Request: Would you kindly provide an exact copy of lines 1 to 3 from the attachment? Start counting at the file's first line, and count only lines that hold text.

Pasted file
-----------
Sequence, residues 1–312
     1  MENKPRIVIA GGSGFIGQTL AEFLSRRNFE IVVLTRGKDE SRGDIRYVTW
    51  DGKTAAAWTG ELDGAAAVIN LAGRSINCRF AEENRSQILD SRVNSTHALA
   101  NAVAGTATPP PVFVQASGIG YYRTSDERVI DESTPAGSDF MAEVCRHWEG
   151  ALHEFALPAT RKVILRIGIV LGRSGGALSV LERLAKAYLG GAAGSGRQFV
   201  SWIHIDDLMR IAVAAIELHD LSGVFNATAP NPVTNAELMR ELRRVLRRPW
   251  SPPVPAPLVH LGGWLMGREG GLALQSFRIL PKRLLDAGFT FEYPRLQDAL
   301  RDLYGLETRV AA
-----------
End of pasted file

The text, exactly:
Sequence, residues 1–312
     1  MENKPRIVIA GGSGFIGQTL AEFLSRRNFE IVVLTRGKDE SRGDIRYVTW
    51  DGKTAAAWTG ELDGAAAVIN LAGRSINCRF AEENRSQILD SRVNSTHALA